Saturday, October 27, 2012

"I Totally Hear Ya, Big Bro!!!"

Confession: This is how I have responded most often to the story of the account of the sons in Luke 15:11-32. On the surface I would say the I understand that I have my moments of similarity to the younger son.  (Before I would have called him the "Prodigal" as I looked down my nose at him through my rimmed glasses.) But underneath I sympathize for the elder. This passage has been the target Scripture of many a service from which I have gleaned.  I have heard that when the younger son asked for his share, it was as if he were wishing the father were dead.  (After several years hanging out with students, it could be argued that this is just a phase of the teen years:)

Before I go any further, I want to state that although I am gaining insight into this passage through my experience with my children that I in no way associate either of my sons to a particular son in the passage. They, like me, have their older and younger son moments.

Currently my own boys are in a phase that totally highlights this point as if it is a movie acted out before me.  One will ask for anything and everything, partly due to our relationship lately but mostly his view himself and me, his confidence in both him to ask and in me provide what he wants.  The other completely talks himself out of asking for something that is perfectly legitimate and that as the parent I would love to provide.  This has a little to do with how our relationship has been of late but also mostly how he envisions himself and me. He doubts himself, whether he is deserving or he doubts my ability to deliver.  I wonder what the relationship between the father and the younger son was like when he asked.  I have usually thought it to be strained and stressed, but as I read it now I see that it could have been just the opposite. The younger felt comfortable enough to come to his father with such a question and his father did not seem to hesitate to deliver. The older did not even feel at ease enough to ask for a young goat for a party.  Did the younger son plan to squander it all or was ownership of it just too much for him to handle?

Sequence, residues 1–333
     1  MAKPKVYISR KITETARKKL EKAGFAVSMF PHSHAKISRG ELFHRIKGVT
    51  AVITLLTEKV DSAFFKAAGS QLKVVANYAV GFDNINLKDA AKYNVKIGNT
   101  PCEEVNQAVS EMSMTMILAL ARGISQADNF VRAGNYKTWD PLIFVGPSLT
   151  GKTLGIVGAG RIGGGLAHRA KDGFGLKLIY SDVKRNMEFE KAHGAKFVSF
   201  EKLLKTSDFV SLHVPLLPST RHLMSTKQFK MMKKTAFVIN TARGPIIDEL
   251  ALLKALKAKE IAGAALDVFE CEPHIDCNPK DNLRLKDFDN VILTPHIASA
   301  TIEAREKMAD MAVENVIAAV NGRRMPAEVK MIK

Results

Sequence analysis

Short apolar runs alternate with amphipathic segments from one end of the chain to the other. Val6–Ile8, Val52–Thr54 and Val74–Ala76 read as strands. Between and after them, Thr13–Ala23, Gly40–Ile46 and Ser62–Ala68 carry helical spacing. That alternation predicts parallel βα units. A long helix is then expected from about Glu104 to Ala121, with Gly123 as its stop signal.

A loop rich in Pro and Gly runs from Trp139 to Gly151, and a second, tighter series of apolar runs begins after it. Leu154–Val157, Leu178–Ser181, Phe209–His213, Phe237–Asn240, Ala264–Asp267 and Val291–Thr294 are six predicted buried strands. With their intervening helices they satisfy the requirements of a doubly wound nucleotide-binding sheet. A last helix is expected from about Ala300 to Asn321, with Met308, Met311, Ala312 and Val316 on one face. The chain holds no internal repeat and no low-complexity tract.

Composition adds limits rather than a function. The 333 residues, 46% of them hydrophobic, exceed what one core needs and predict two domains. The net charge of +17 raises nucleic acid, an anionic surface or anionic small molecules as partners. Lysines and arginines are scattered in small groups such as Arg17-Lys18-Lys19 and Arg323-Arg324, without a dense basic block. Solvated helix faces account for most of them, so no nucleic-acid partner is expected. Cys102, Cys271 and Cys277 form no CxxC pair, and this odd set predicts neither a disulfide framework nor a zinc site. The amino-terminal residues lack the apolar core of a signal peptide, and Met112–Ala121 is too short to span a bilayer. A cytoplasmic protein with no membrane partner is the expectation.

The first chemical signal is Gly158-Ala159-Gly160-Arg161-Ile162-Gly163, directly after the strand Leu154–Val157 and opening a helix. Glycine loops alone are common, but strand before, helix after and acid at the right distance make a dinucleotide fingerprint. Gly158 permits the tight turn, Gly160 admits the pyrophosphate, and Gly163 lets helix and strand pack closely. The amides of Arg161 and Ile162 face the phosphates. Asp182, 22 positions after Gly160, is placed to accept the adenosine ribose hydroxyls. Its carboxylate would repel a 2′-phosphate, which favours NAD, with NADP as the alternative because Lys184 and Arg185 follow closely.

So I question, "does God, my Father and author of this illustration want me to strictly dwell on the behavior of these two sons? Is there something deeper, a heart issue, a relational connection that He wants from me that is not like either of them?"  Have I mistaken the asking for the wedge? My personality is to not ask, to assume that I should handle it myself.  I do this with David for material things and for assistance; I do this with friends for help in life; I have done this in the workplace. My spiritual leaning is to not ask; to withhold my desire because I feel I have not earned and do not deserve. I often equate this with thankfulness; He has done so much for me I feel I should not waste anymore of His time.  Even as I write that sentence I sense Him smiling on me and my 'dirt for brains'  as He unfolds His desire before me to clarify. He has ALL the time so He can afford to "waste it". ;) He is big and robust enough to listen to any request I present. He may require I take a "No." But even in that there will be the relating that He truly wants for me.  As the father says to the older son in Luke, "Son, you have always been with me, and all that is mine is yours." the words "with me" echo off the page. So much of His heartbeat drums about being 'with Him' throughout Scripture.

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